Last night I was drinking and today I'm suffering. So, as I lay in my bed I grabbed my phone and took a stroll around the blogosphere. It is rare that I look to extend the blogs that I follow. I don't follow many but, the ones I do, I love and I can devote the time to reading them but would struggle with many more. Today, I stumbled upon a new blog, and a particular post, that was clearly moving for both the person writing it and for me reading it.
The post was by Some Mothers Do Ave Em and can be found here. The post tells, in a very moving way, the concern of one mother for her son. It made me cry a little - so please go and read!
It also triggered a memory of mine and, if I may, I would like to take you on a trip into my past. To the period just after the the ex-wife and I had split and the hostility levels were such that I felt uncomfortable attending the school parents evening with her. However, I did have concerns for my daughters education so I contacted the school and asked if I could pay a visit some other time. They duly obliged and I arrived at the school early one morning for a one to one with my daughter's teacher.
There were so many questions I wanted to ask:
1) How can it be that my daughter has suddenly gone from the top of the class to the bottom?
2) Do you think that she may suffer with dyslexia as she seems to be finding it very difficult to pick up reading?
3) Do you think her confidence has been dented as a result of my split from her mother?
I'd asked the first two questions and, whilst the answers I received would turn out to be totally incorrect, it was the answer to the third that changed my perception of this particular teacher.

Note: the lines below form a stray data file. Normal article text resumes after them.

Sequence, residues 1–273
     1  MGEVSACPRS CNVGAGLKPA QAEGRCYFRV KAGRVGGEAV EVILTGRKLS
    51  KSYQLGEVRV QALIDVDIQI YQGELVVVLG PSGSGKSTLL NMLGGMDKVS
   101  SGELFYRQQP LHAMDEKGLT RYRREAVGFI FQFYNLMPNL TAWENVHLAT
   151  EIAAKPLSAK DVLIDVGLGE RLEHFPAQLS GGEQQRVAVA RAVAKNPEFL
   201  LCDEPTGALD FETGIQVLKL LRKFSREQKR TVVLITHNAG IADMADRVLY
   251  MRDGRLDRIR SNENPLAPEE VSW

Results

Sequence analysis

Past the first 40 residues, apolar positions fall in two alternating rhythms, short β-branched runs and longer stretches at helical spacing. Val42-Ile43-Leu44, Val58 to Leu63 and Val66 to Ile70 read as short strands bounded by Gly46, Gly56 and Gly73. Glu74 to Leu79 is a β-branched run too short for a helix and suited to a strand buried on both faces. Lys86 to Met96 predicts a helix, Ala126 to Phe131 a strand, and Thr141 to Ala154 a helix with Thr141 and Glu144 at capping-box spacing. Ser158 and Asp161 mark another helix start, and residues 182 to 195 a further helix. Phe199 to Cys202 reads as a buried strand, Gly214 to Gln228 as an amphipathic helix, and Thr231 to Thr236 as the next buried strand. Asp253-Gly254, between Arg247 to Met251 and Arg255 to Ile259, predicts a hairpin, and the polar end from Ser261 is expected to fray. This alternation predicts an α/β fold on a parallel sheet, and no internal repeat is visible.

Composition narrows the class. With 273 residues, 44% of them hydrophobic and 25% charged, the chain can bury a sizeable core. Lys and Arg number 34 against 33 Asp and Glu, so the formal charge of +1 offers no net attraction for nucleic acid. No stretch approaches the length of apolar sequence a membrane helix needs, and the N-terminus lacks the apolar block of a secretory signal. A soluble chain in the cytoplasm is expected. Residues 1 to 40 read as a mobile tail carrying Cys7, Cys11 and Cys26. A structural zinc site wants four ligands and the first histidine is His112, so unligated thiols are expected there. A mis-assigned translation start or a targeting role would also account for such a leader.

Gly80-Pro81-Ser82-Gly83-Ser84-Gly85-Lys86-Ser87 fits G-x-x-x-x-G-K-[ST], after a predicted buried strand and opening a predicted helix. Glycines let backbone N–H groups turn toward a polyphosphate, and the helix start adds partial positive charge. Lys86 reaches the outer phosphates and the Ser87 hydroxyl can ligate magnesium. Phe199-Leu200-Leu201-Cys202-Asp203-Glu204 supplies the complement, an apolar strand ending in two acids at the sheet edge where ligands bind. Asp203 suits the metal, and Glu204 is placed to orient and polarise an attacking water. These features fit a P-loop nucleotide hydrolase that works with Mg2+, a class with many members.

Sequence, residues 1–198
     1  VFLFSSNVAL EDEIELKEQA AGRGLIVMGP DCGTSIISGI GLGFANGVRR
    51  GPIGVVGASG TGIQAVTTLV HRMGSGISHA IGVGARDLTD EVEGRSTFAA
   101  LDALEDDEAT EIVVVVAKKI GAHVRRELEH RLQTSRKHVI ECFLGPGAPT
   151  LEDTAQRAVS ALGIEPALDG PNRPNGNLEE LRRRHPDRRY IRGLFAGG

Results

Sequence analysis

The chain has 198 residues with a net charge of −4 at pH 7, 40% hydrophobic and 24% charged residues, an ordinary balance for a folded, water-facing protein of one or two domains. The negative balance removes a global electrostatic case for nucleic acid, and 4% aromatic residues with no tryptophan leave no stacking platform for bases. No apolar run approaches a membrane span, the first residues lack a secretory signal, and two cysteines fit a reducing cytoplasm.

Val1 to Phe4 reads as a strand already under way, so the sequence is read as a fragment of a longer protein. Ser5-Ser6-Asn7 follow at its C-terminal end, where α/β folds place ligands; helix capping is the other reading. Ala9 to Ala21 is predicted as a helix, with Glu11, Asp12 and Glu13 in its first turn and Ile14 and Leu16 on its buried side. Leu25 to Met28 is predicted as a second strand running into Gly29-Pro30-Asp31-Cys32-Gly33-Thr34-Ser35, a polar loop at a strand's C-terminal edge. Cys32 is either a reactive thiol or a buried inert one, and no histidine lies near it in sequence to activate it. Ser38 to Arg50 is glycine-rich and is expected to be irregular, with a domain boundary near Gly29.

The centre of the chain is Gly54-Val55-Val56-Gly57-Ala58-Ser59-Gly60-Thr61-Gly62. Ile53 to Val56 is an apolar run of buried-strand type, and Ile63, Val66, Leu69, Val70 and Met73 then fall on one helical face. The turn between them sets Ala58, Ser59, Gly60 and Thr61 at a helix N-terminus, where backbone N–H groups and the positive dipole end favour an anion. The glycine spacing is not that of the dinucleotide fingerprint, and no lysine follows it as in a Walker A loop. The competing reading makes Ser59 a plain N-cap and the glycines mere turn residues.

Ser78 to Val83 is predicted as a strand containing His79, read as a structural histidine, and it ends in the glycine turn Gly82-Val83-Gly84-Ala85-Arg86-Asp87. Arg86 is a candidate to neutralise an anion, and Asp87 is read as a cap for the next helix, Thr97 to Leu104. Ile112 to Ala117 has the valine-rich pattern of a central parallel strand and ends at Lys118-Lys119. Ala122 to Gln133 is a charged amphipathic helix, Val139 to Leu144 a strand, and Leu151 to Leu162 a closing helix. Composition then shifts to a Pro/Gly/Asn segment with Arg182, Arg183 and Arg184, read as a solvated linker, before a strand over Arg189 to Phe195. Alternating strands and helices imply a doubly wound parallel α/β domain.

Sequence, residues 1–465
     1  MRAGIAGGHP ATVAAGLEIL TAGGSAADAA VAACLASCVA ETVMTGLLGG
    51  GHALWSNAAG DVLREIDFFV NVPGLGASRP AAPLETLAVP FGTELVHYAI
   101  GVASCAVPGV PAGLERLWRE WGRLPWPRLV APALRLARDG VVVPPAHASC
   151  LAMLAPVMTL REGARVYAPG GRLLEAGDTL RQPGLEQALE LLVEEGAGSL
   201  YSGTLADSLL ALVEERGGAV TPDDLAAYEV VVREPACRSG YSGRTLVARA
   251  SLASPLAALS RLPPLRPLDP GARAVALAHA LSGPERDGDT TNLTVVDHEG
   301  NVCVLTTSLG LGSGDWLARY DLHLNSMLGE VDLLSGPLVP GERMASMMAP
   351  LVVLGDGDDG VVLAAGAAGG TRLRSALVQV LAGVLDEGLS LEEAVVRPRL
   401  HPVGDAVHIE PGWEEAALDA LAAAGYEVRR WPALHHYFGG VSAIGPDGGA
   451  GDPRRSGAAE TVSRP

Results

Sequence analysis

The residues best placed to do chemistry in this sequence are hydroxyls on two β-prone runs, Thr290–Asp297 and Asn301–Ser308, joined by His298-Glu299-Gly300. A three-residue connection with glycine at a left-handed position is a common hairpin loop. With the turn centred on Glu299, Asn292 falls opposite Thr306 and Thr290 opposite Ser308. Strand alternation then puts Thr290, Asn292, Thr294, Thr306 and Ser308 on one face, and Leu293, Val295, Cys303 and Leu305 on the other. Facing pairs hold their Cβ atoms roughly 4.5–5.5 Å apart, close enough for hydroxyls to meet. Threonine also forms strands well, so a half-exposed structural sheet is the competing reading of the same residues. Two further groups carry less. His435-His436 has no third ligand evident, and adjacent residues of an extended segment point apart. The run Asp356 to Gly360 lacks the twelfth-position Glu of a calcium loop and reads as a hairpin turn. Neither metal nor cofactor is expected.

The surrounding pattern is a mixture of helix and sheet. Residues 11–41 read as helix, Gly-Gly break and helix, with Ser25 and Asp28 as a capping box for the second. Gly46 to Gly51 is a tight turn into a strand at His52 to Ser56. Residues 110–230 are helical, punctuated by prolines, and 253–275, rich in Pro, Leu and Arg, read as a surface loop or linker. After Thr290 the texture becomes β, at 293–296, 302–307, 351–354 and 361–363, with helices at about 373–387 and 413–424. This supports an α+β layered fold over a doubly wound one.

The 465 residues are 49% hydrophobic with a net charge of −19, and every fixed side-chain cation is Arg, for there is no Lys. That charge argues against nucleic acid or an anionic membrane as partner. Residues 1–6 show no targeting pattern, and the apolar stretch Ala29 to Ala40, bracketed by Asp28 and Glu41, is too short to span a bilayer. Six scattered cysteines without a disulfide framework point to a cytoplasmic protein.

After I asked, "Do you think her confidence has been dented as a result of my split from her mother?" the teacher looked at me and replied,
"No, not at all. In fact I have had to tell her not to put her hand up to answer questions in class as no-one can understand her." (As well as the dyslexia my daughter suffered, in the early days, with a speech impediment).
The answer to this question came like a blow to the head from Mike Tyson. It winded me. I looked down at the small table, to the ground and then around the classroom. I was in a daze. I looked anywhere but, at the teacher. I was shocked to hear such a thing. I was angry. I looked down some more trying to compose my thoughts. I stayed like that, motionless on the outside, furious on the inside for what seemed like an eternity.
I looked back up at the teacher. I didn't mutter a word but my face must have told the whole story. She sat back in her chair. She looked a little apprehensive.
She looked into my eyes and the apprehension turned to worry. She could see that I wanted to grab her by the hair and throw her around that classroom! She could see that I now, firmly, believed that she was the root of my daughters cracked confidence.
I didn't throw her around the classroom - the fact I had been brought up to respect teachers wouldn't allow it. Instead, I stood up, thanked the teacher for her time, shook her by the hand and walked out.
I felt shaky. I sat down on a concrete step and started to cry.
I knew then that the confidence of my daughter had been fractured and that it would take many a long year to rebuild it.
I love my little girl.